Sunday, May 19, 2013

Killing My Darlings--The Execution of Anne Boleyn

On May 19, 1536 at 9 a.m., Anne Boleyn was executed on the Tower Green by an expert swordsman imported from Calais in France.

The events leading up to this are complicated and far too numerous to go into here, but please check out the Anne Boleyn Files if you want to know more.  Today, I just want to talk about Anne.  And writing.
Miniature of Anne Boleyn, attributed to John Hoskins,
In the Collection of Duke of Buccleuch and Queensberry 

Stephen King, in his book On Writing, talks about "killing your darlings".  This is the excision of characters/scenes/sentences/chapters that don't contribute to the forward motion of the story.  No matter how much you love them.  It's hard to kill your darlings.  That waiter who steals the single scene he's in, the lush description of a setting you never use, a chapter full of clever repartee that really has nothing to do with the plot.  But none of it is ever wasted.  If nothing else, you can blog about it later.

But what about actually killing off your beloved characters.  Or worse, knowing they are going to die?

I had a very difficult time writing TARNISH.  Especially the final few chapters.  Because--surprise surprise--Anne Boleyn chooses to pursue a relationship with King Henry rather than the man she loves.  Every single revision, I would get to those scenes and slow down. Stutter to a halt.  Rant and rail and rage.  And then make her do it anyway.  There's no getting around history.

You'd think I would have learned a lesson.  Unfortunately not.  My third book in the series covers the time period from 1533 through 1536, thus encompassing all of Anne's time as queen--and her execution.  The book is not about Anne.  She is not the narrator.  But still, every time I came to that fateful day in 1536, I slowed down.  Stuttered to a halt.  Ranted and railed and raged.

You see, over the course of writing TARNISH, I fell in love with Anne Boleyn.  With her cleverness and drive, her unique way of seeing the world and her desire to be part of changing it.  She was an amazing woman.  Truly, historically.  It's possible she was ambitious and manipulative.  It's possible that she could be ruthless.  But that doesn't mean I have to believe it or she wasn't an amazing person and a powerful influence on life in the 16th Century.

One of the reasons I love writing historical fiction is because I get to dive deep into the psychology and motivation of these incredible people.

And one of the reasons I struggle with it is because I already know the outcome.

For today, let's just say Rest in Peace, Anne.  You deserve it.

11 comments:

  1. What a great post. It must be tough knowing the tragic course of events a characters life will already be taking. Of course the journey to that point is fun to read about. I do always find it sad as a reader when I know the character is doomed to die regardless of how much I like them.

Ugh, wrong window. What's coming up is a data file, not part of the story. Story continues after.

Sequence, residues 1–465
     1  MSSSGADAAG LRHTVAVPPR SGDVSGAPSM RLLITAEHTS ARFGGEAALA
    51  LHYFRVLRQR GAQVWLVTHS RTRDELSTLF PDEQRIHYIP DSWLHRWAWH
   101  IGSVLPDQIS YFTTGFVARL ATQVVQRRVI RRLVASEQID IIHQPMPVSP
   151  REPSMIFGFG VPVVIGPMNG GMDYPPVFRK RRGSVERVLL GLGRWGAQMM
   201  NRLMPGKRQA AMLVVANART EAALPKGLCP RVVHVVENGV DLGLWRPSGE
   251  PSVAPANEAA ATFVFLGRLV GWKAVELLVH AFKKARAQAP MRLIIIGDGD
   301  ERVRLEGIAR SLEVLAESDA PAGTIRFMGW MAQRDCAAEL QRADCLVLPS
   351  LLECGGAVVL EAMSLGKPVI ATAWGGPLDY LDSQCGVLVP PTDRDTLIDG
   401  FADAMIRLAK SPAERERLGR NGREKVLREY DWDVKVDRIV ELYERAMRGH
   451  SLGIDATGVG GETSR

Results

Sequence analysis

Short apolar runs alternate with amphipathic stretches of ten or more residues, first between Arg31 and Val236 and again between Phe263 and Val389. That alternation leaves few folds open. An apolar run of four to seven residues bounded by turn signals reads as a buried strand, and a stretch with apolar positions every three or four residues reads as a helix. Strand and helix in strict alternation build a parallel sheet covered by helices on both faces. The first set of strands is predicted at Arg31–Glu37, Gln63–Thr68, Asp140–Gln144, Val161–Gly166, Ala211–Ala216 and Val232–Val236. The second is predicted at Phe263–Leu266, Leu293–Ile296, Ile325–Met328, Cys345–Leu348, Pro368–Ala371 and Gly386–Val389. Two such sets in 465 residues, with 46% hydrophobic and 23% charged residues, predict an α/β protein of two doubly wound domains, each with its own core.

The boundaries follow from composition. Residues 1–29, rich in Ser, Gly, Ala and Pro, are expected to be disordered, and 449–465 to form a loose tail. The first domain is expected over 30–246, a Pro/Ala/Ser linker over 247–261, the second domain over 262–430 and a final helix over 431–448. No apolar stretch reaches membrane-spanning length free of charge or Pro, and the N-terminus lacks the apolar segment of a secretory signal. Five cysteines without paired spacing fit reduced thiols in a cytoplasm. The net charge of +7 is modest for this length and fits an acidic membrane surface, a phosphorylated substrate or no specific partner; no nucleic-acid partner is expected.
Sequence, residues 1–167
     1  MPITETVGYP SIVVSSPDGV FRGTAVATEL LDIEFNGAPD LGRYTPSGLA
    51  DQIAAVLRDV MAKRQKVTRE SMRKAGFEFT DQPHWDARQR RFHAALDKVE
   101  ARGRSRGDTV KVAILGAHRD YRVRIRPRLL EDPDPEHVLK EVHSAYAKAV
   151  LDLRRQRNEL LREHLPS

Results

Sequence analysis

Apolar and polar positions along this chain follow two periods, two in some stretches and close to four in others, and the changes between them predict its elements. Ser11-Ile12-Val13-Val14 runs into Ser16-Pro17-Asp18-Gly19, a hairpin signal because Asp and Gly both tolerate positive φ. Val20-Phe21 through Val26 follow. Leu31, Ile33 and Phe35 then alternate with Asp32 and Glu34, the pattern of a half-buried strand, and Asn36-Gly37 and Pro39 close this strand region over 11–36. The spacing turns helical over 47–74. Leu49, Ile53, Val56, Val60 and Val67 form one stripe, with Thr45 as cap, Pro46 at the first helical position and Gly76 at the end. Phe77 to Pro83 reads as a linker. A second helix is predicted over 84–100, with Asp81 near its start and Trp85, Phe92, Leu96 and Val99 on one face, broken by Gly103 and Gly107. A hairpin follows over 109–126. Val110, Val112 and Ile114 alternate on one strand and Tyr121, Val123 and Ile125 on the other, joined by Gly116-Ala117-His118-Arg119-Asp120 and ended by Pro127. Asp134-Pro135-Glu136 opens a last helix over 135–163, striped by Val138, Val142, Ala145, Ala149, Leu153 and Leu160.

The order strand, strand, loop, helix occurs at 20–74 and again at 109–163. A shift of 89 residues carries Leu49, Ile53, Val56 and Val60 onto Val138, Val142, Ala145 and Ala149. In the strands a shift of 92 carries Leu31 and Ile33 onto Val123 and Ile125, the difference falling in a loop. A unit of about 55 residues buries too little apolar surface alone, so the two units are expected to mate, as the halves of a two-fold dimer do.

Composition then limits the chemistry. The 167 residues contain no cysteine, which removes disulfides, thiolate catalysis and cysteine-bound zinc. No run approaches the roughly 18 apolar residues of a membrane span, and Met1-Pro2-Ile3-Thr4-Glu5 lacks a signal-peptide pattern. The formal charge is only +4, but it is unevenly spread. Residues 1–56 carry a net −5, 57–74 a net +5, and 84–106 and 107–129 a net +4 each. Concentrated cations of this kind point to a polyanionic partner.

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    1. Thanks, Kristin! When I was a kid, one of my favorite books was Where the Red Fern Grows. I must have read it a dozen times, and every single time I hoped things would turn out differently. I think I'm always hoping the same for Anne!

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  2. Excellent post and a much needed reminder to eliminate all those much loved scenes/characters that don't move the story along. So looking forward to reading Tarnish!

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    1. Thanks, Pat! I needed reminding, myself, as I need to do some cutting with Book 3--it's incredibly difficult, but ultimately makes the story better.

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  3. I've always admired Anne Boleyn--for exactly the reasons you've said. I prefer my roses white, but always made an exception for her (and Elizabeth). She was remarkable. Yes, the biggest problem with historical fiction. Having your characters be foolish and self-destructive is painful when they are wholly fictional. But when their course is predetermined by time, not you, the author? Oh dear. I can't wait to read this, Katherine.

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    1. You're right, Huntley! I think all authors want their characters to be good people and do the right thing and always be happy, but it doesn't make for great fiction, does it? I don't know if it's harder to make them miserable ourselves or have history tell us they are, though!

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  4. So Book 3 is kind of a sequel to Tarnish? Sweet! Already can't wait! In the meantime, only 1 month til Tarnish!

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    1. More like a companion novel, Anonymous, but we do get to see what happens to Anne after she marries Henry!

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  5. Guilherme BorgesMay 20, 2013 at 9:52 AM

    Lovely post! I love how you're teasing us with little details about book 3 here and there. I'm so excited for it already and Tarnish isn't even out yet :)

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    1. The writing and editing process for Book 3 has been pretty intense, Guilherme, so it's like I've been living in it for the last few months. I can't seem to stop talking about it!

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  6. Oh, Anne. I can't wait for TARNISH to come out so everyone can meet her! I've killed a few characters in my writing, & it was hard, but at least I didn't have history forcing me to pull the trigger (or, you know, drop the blade).

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